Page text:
On February 23, soldiers from the Outpost dragged the wife of
Gerardo Antonio Saldaña and his mother-in-law from their home to demand
that they say which of the trucks from the Outpost they had seen take
the two members of the cooperative away.
Since all of the trucks are the same style and color, they were
unable to identify it.
On March 2, Colonel Staben returned to the cooperative, this time
in the company of soldiers from the Outpost, agents of the National
Guard and reporters from COPREFA to threaten the families of the
disappeared and those who witnessed the captures into signing a document
wherein they cleared the Outpost of any part of the seizure of the six
members of the cooperative.
The Armed Forces had denied any role in these events and the Army
itself has tried to intimidate the families and members of the
cooperative who have been brave enough to denounce the case.
When the pressure about the case reached a certain level, a
decision was made to dismiss Colonel Staben, who had for some time been
linked to cases involving serious human rights violations.
A proper investigation of the case to determine who was
responsible and the fate of those taken has not been made.
March 2, 1992, the Commission again asked the Government of El Salvador
to provide information on the investigations conducted into the present
case and gave it sixty days in which to reply.
August 20, 1992, the Government of El Salvador sent a note of reply to
the Commission, the text of which follows:
On instructions from the President of the Republic, an exhaustive
investigation was instituted to ascertain the facts of this case, and
the following conclusions were reached:
Soledad Saldaña, María Jesús Vásquez Mendoza, Julia Nuñez de
Pérez, Reyes Coronado Martínez, Simeón Vásquez and Araceli del
Carmen López did not identify the individuals who captured the missing
persons, as shown at pages 7 (front and back), 10 (front and back) and
17 (front and back).
Neither the aggrieved parties nor witnesses identified the
vehicle in which the missing persons were allegedly transported, who
were taken to an unknown destination, as shown at pages 7 (front and
back) and 17 (front and back).
The theory is that the Vásquez brothers' disappearance on
December 5, 1989, may be due to the fact that a well on the San Cayetano
Cooperative was fenced in; when neighbors were unable to supply
themselves from the fenced-in well, problems arose to the point that
they even threatened them with death, as their mother María Jesús
Vasquez stated, as shown at page 9 (reverse side) and page 10 (front
Because Mrs. Clementina de Falla had her property expropriated by
virtue of Agrarian Reform Decree 207, the beneficiaries being the
members of the San Cayetano Cooperative, the theory is that there was
friction between this woman and the members of the Cooperative, and Mrs.
Soledad Saldaña, mother of the three Saldaña Salazar brothers,
believes that Mrs. Clementina de Falla is behind her sons'
disappearance, as shown at pages 7 (front and back).
These proceedings have clearly established that both the
aggrieved parties and the witnesses exonerated the Armed Forces of any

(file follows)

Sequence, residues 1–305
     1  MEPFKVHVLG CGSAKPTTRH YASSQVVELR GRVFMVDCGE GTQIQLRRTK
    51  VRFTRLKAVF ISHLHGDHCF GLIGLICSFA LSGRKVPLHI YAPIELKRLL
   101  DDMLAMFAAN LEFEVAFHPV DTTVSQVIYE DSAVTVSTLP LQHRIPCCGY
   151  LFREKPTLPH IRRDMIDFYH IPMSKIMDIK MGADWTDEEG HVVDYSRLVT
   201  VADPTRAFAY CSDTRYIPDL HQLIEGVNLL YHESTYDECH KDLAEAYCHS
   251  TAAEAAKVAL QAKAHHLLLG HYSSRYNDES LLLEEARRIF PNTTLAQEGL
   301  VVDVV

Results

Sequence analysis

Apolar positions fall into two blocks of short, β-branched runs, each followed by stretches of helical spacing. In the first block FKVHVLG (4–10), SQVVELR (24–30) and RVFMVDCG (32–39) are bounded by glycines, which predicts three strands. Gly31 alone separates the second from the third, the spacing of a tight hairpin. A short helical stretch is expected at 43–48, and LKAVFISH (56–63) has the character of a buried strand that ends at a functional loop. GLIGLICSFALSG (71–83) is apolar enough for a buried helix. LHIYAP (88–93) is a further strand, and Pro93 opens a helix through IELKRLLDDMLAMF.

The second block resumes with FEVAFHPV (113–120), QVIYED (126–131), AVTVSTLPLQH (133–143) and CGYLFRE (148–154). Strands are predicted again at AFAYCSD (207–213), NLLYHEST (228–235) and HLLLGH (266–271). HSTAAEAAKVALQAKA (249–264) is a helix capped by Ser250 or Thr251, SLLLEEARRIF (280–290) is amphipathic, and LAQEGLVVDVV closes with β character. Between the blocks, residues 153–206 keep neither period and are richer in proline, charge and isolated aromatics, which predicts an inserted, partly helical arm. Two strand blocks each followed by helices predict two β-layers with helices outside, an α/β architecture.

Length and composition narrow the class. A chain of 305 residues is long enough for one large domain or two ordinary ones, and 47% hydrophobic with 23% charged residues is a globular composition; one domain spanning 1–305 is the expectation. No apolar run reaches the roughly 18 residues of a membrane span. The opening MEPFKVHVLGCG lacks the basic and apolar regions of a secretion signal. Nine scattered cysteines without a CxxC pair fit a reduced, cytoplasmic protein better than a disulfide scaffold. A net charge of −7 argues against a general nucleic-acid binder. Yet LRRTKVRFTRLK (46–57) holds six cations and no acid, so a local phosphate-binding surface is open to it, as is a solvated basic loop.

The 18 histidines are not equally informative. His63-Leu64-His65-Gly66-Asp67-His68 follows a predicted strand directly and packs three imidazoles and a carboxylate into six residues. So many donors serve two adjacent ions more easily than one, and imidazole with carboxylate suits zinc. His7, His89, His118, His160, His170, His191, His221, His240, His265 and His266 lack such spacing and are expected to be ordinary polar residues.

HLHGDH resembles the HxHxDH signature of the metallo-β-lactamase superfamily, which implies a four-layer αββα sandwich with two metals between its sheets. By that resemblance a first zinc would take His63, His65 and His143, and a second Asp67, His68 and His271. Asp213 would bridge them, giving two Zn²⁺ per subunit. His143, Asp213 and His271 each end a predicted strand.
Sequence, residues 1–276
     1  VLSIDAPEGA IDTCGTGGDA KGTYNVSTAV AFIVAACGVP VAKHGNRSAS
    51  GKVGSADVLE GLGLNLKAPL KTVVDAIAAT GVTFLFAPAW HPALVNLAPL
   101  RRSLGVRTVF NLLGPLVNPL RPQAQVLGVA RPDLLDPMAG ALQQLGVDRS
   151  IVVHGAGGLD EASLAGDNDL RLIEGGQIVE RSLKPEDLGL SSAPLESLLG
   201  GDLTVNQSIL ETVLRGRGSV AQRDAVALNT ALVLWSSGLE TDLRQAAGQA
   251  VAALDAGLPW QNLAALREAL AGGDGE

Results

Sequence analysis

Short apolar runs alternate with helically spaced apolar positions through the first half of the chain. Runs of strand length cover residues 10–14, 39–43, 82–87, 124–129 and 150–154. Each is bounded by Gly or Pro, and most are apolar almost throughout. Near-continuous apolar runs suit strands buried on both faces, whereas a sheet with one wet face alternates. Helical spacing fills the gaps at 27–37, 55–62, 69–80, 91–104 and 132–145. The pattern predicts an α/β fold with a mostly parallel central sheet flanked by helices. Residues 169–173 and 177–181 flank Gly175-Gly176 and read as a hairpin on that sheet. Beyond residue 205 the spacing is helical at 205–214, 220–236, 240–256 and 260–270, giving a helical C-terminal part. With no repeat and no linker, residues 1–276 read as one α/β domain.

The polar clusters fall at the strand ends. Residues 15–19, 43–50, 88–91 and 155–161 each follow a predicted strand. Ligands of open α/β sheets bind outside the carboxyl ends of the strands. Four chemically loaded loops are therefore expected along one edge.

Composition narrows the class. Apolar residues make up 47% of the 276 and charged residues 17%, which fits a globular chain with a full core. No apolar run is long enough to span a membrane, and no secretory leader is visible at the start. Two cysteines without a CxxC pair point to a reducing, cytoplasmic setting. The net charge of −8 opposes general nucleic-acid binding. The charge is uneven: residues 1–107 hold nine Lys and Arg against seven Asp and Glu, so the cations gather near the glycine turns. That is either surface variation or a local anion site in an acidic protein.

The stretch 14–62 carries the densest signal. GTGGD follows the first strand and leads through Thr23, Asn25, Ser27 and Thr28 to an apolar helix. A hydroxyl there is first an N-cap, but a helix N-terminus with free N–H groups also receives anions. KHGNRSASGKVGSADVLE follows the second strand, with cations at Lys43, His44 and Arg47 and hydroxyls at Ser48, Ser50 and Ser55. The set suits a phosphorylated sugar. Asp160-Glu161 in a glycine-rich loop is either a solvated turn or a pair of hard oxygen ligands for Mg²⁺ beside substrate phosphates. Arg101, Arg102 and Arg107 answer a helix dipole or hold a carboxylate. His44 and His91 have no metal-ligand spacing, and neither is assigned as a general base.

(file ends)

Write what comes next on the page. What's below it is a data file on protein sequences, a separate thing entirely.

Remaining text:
blame. According to all the
statements, the real perpetrators are unknown persons; certain
statements even mention some of the above-named individuals as the
possible guilty parties.
Based on the statements attached to page 7 (front and back), 10
(front and back) and 17 (front and back), in the instant case there is
clear evidence that FEDECOPADE resorted to political manipulation by
only requesting the fingerprints of the aggrieved parties and not
reading to them the content of the paid published notices, which were
solely intended to smear the image of the Armed Forces and of the
Government, both nationally and internationally...
...The Government therefore requests that this case be filed and
that the proper notifications be made.
October 5, 1993, the Inter-American Commission on Human Rights, sitting
at its 84th Regular Meeting considered this case and issued Report No.
16/93, pursuant to Article 50 of the American Convention on Human
Inter-American Commission on Human Rights resolved to send the Report,
on a confidential basis, to the Government of El Salvador, granting it
three months to implement the recommendations contained therein.
Government of El Salvador failed to answer the Commission's request of
October 18, 1993.
the question of admissibility:
petition satisfies the formal requirements for admissibility contained
in the American Convention on Human Rights and in the Commission's
petition is not pending with any other international proceeding and is
not substantially the same as a previous petition already examined by
the competence of the Commission:
Commission is competent in the instant case because it concerns
violations of rights recognized in the American Convention on Human
rights, principally Article 4 on the right to life, Article 5 on the
right to humane treatment, Article 7 on the right to personal liberty
and Article 25 on the right to judicial protection, as provided in
Article 44 of the Convention, of which El Salvador is a State Party.
Article 1.1 of the American Convention, which is binding upon El
Salvador, states that:
The States Parties to this Convention undertake to respect the
rights and freedoms recognized herein and to ensure to all persons
subject to their jurisdiction the free and full exercise of those rights
and freedoms, without any discrimination for reasons of race, color,